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World Naked Bike Day in NYC

Ok, were a little more modest then the crunchy town of Portland Oregon who recently celebrated World Naked Bike Day with over 5,000 participants.

3625727846_58fab5f91c_o(picture from Jonathan Maus posted at flickr and his blog: bikeportland.org)

Meanwhile I got a report from NYC’s naked ride from bikeblog reader and WNBR participant, Joe Sharkey:

Arriving at the starting point in the Chelsea about 5:30, apparent riders were heavily outnumbered by media, photographers, and onlookers. The ride did not get started until after 6:30, so there was plenty of time for reporters to photograph people having body paint applied and ask them about why they were doing the ride. Me and my buddies got tired of standing around in our underpants waiting to roll, as it was cold and slightly raining, so we did a few warm up laps around the park where the ride met at the far end of West 23rd street. Most of the riders were nearly naked as opposed to naked at the start of the ride. Most of the riders were also men. Only two women bared their breasts, of about 6 women total riding, and there were a dozen or so riders tagging along who were much more clothed. About 40 riders in total. 25 daring to bare.

Going up W. 23rd to 8th avenue, we got what seemed to be a generally warm reception from bystanders and passing traffic. We only took up 1 sometimes 2 lanes, but the traffic seemed to have difficulty passing us by at a normal speed for some reason. I was delighted to see a young dude on a bmx boldly baring shortly after we started up 8th ave, and his energy was definitely inspiring. There were 2 or 3 other truly naked riders at that point. We used 8th ave as an opportunity to refine our chants: “Burn fat! Not oil!” “More bikes! Less clothes!” and the ever-popular “Less gas! More ass!” Coincidentally, it seems these chants also spontaneously occured in other rides elsewhere. In my post ride media review, I heard “Burn fat! Not oil!” on a vid from Boulder Colorado’s ride, and Time Out Chicago covered thier ride with the “Less gas! More ass!” headline.

There were no problems and lots of fun up 8th to Columbus Circle. In fact, except for a few park rangers at the start, absolutely no police presence or response. This emboldened us, so after a few laps around and a brief pause in the circle, most of us de-briefed fully in front of all the tourists, and rolled out to go down Broadway to Union Square. The new “bike friendly” layout of Broadway proved too narrow to accomodate the wideness of our ride, but it was fun and increasingly crowded as we approached time square. People continued to be largely supportive and excited.

Then, I think around 47th street, our route plan went awry as they had closed off Times square to pedestrians only. The best video footage of the naked ride, no doubt, is from the NYPD times square tower survellience system which decended upon our arrival for a better angle. At that point, about 4 or 5 police officers, mostly plainclothes, started yelling at us to put our clothes back on. All the riders complied, but after slipping my panties back on, cops were still threatening me with three days in jail instead of responding to my inquiries about how much more clothing I had to put on, so at that point I encouraged the ride to alter its route before more police arrived. I heard another rider say he heard a cop on the phone reporting our demand of “Less gas, more ass” to HQ. We went with the only moving traffic and headed westward. We had picked up an unmarked cop car and one of those boxy meter-maid interceptor vehicles.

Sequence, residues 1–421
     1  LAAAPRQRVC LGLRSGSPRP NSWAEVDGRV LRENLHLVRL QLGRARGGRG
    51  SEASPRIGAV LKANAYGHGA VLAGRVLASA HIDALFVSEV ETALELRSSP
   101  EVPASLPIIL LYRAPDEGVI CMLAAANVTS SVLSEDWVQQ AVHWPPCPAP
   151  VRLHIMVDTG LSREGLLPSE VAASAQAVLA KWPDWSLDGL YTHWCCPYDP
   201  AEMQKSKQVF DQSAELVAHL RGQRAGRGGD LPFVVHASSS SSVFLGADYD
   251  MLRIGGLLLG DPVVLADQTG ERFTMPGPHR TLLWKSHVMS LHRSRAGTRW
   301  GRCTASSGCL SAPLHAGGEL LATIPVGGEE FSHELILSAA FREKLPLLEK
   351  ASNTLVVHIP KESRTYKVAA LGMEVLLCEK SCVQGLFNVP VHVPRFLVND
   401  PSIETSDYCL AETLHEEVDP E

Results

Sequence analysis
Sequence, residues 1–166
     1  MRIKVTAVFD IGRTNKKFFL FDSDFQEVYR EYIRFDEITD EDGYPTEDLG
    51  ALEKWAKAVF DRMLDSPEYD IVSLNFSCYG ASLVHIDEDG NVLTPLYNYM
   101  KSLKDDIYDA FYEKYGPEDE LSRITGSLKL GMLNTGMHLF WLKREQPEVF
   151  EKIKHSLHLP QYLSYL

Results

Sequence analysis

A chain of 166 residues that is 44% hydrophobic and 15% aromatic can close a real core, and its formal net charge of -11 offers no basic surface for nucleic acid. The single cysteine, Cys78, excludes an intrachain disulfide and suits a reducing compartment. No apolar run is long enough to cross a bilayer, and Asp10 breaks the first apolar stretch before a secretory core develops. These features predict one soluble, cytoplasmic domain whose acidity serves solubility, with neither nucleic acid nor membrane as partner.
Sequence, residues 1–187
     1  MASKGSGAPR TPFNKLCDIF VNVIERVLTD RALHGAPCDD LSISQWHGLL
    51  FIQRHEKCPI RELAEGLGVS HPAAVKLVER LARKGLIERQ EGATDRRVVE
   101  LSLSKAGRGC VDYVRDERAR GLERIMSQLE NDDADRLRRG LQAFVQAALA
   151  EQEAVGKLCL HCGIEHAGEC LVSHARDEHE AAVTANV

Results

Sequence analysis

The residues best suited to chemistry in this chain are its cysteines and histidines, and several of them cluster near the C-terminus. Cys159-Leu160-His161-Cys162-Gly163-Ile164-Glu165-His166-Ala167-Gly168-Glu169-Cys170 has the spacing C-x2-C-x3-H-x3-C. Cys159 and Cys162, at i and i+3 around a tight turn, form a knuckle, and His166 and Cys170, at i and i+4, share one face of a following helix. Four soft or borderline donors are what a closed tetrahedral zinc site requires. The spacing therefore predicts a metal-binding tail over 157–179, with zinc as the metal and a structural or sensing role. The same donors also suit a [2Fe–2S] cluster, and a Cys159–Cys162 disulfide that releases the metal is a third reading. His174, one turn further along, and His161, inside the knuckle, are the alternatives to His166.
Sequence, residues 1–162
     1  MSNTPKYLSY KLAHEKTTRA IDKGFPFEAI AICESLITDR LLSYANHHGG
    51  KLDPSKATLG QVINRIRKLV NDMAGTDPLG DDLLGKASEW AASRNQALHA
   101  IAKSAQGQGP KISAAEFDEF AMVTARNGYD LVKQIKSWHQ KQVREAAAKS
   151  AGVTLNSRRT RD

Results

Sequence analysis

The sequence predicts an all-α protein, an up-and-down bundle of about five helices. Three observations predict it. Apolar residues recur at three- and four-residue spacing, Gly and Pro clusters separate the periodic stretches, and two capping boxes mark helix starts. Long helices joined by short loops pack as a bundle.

We circled back north and than east, losing the police car as we trickled through. At one point the interceptor did cork for us, and it always makes me happy to see the police actually interested in our saftey. The broadway confrontation had eliminated the less hardcore riders, so we were down to about 25, and we did indeed cork and run some reds, not much of a problem for that size of ride. We did lose the interceptor as well when we took 5th southbound to get back on Broadway near the Flatiron. It was still a fun ride, but we were no longer naked, and the thrill and liberation of the full nudity certainly made scantily clad less exciting. Approaching union square, the onlookers continued to enjoy our chants and our skin, “Love your body! Ride your bike!”, we went halfway around the square and went east on 15th to another, empty park where we “debriefed” on the ride by checking in who we had lost along the way. One of the organizers had people sign in so we could keep tabs if anyone did get NYPD’d in a bad way…to my knowledge our quick exit from the crackdown did spare us any tickets or arrests. Rain and darkness led us to disperse, some to a local bar, others to wherever, back to normalcy unfortunately.

All said and done a pretty good group ride for Manhattan, clothed or not. Definitely something for the tourists to remember fondly or with disgust. Children certainly were exposed to the fact that, beneath our clothing, we all have pretty much the same bodies. I don’t think anyone was scarred for life. I can’t wait until next year. The real question is whether the police will continue to be oblivious/overreactive, or will they actually attempt to control in a way that works? In boulder, bike-riding cops accompanied the ride and made sure everyone kept the minimal genital coverage. Less naked equals less fun, but more sensible policing equals more respect for law. I hope you can do your part to make next year’s ride many times larger.

More Ass, less gas,
Joe

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